Wednesday brought double joy in the form of the airfreight delivery and the return of my erstwhile feline companion (or, as some prefer, familiar) the beautiful and oftimes elusive William. Expected between 12 and 2 pm, the boxes arrived at 10 am but I was ready for them - ie I was awake and dressed. We are now the happy recipients of double quantities of bedding, table mats and (colourfast) tea towels, one pair of mud-caked trainers, 4 empty decorative green tea flasks, one jumper apiece and no swimming costumes but at least we have a bottle opener. Oh, and a portable radio/CD player, the only electrical appliance I was allowed to bring from the US on the grounds that it was dual voltage. So it was a pity it blew up as soon as the Electrical Expert plugged it in and a blessing that my new pills have proved so very helpful. Later that day I was opening the door to my dear William and his equally dear foster parents who had given service above and beyond for over 3 years and were eagerly looking forward to hanging up the litter tray scoop. So well had my William been looked after that I had resigned myself to many patient hours devoted to wooing a disaffected and recalcitrant member back into the (new, improved) bosom of his "blood" family. I need not have worried, however, as William made it abundantly clear that he knew all about this house, quickly revisiting all his favourite places and awaiting the setting up of his toilet and dining facilities in the utility room. So kindly disposed was he to his new/old surroundings and the humans that came with it that when I retired that night I found B and William taking up all the room in our not very big rented bed and was obliged to spend a cramped but contented night clinging to the edge of the mattress. Alas this charming vignette of Merchant family life Mark V111 was but fleeting. The very next evening William and I were happily knitting (the needles were in the air freight) in front of the telly, when B, safely, as we thought, engrossed in his TV/internet provider research, literally blew his chances of any further bedtime bliss with our newly restored furry friend by unleashing one of his (simply infuriating) hurricane strength sneezes and catapulting poor William into a midair tail spin, culminating in an undignified belly flop down the back of the sofa. He now sleeps on the landing in a spot where he can keep the central heating pipes warm.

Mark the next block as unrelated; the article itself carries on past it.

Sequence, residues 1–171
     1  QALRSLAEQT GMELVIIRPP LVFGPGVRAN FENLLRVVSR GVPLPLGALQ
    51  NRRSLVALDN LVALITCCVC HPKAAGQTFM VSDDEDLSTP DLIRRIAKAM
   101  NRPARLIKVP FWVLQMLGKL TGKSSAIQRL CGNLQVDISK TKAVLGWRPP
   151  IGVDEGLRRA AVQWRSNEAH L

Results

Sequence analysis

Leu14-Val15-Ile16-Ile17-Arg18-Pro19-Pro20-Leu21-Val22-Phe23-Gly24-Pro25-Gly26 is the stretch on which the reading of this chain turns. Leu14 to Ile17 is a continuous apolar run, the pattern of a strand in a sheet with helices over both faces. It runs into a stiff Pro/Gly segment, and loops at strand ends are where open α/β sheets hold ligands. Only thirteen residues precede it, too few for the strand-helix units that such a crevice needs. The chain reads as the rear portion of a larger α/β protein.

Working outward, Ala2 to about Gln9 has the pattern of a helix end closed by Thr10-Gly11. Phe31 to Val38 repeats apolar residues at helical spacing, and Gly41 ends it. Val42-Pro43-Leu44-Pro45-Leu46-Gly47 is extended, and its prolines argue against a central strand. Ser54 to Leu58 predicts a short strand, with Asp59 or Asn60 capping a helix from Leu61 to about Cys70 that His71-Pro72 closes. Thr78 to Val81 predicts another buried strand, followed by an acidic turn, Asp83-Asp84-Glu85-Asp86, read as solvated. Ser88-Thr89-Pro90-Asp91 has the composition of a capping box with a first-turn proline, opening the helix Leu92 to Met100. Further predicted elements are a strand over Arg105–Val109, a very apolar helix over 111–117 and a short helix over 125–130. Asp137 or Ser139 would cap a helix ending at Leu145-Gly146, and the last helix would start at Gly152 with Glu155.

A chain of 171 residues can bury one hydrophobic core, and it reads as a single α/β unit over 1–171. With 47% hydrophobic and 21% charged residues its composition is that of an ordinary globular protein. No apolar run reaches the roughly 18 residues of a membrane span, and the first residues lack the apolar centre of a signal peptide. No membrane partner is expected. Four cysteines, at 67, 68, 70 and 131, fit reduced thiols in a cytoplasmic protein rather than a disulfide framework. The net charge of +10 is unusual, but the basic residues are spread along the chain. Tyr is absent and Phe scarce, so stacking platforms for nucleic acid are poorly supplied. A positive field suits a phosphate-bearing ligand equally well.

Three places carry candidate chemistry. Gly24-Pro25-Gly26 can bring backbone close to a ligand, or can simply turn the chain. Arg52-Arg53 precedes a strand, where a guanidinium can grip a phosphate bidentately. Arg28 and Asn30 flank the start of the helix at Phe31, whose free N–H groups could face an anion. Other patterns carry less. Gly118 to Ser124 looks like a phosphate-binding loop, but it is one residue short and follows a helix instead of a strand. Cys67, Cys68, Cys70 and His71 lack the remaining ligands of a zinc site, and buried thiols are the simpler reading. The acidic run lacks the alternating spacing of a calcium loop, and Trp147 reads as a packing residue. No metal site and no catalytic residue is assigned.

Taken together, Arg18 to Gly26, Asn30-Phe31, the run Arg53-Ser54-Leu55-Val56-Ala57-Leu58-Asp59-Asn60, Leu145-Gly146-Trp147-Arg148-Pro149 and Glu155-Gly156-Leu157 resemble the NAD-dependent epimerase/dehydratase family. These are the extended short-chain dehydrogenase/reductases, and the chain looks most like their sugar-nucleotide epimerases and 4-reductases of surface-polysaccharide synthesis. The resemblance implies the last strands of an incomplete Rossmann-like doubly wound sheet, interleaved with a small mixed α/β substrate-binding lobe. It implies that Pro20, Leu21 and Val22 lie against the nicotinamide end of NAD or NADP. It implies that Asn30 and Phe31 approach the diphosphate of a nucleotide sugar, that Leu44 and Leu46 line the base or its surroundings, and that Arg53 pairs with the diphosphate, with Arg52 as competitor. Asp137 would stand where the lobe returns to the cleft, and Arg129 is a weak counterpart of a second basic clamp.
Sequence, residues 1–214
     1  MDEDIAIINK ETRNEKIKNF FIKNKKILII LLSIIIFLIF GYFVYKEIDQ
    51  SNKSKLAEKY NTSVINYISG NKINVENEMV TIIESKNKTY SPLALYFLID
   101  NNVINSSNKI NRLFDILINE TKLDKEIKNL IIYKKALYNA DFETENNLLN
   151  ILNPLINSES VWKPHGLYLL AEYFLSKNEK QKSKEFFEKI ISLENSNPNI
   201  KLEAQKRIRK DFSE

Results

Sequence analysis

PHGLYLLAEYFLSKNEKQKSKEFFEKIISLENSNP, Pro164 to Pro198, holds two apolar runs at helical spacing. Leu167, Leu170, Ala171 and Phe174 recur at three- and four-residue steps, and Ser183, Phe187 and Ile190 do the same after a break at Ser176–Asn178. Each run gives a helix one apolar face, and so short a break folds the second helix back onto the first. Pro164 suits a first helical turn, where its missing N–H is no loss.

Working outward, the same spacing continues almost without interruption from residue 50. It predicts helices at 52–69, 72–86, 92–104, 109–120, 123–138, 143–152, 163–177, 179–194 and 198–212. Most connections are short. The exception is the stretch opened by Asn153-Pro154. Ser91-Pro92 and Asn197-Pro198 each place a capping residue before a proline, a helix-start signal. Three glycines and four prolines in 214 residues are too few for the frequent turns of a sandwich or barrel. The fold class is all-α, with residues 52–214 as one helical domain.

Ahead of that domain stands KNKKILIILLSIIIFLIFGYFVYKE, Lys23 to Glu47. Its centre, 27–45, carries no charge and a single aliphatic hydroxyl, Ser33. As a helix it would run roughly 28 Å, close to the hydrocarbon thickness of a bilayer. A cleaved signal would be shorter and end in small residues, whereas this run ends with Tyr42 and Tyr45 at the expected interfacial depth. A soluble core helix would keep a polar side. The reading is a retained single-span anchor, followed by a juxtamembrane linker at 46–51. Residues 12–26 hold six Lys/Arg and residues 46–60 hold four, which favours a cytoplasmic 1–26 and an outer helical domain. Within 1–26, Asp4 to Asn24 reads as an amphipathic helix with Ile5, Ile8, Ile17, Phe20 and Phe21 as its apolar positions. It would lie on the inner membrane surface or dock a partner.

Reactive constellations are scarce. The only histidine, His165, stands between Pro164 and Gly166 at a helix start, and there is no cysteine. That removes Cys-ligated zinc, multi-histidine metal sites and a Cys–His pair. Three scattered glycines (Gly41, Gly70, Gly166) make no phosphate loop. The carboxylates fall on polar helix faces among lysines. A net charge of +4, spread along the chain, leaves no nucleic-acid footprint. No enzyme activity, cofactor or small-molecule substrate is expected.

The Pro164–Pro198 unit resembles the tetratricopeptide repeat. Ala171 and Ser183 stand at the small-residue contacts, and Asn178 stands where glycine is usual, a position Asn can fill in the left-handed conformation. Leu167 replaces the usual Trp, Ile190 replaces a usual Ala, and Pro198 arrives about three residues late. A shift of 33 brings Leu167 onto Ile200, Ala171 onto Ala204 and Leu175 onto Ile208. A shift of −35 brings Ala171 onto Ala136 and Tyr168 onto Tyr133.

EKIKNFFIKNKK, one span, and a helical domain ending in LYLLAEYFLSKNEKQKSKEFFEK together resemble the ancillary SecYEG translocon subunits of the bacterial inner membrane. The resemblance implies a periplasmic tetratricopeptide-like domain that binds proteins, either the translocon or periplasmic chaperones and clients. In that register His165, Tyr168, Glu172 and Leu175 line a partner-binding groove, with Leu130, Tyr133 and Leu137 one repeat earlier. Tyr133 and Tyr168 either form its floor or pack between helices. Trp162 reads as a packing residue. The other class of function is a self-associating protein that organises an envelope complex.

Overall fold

One thing I had been looking forward to in the UK was some serious television - content not quantity. Never having been an Emmerdale fan, I know there are those of you who will be shocked to hear than I no longer have the stomach for either East Enders or Corrie although I thought I could detect some slight stirrings of interest in the Archer's omnibus this Sunday (although this is of course radio, not telly). Naturally, while awaiting cats and boxes, I have dipped into daytime TV only to find (surprise surprise) that it is the same produced for the cognitively challenged catalogue of house buying/antique hunting/make-overing dross. And I am at least one series ahead of ER, Desperate Housewives, Medium et al so no joy there. The program which has really stopped me in my tracks this week, however, has been Celebrity Big Brother. Well, not the actual program which I have not watched but the unbelievable furore surrounding some supposedly racist remarks made by one very silly, disturbed young woman to another - because anyone who signs up for this "entertainment" either needs their head examined or a new agent. For those of you across The Pond I'd better explain that a white British girl of little education and less common sense called an Indian (Bollywood) actress "a poppadom" a sort of giant crisp (or) chip and mandatory accompaniment to any Indian meal in a British restaurant. Suddenly questions were being asked in Parliament and also of Gordon Brown (Prime Minister in Waiting) during his official visit to India. Indian families were interviewed across the two continents, one righteously indignant matriarch asserting that no self-respecting British lady would permit herself to suffer the heinous epithet "fish and chips". Well, apparently I must suffer from low self-esteem although I think I know someone who would beg to differ. The whole thing seemed to me an obvious if pathetic media scam to boost the falling ratings of Channel Four, sorry makers of an even sorrier program. When I heard Ken Livingstone, Mayor of London, announce on BBC Radio Four (the former respected "Home Service") that the fact that some 7 and a half million viewers had tuned in to see "the racist" ejected from the Big Brother House meant that "our society has come a long way in the last 30 years", I was ready to throw my hastily resurrected battery operated wireless at the wall and jump on the next plane into George Bush International. When people over here ask if we didn't find people over there a bit, well, strange, all I can say is "they ain't got nothing on us"!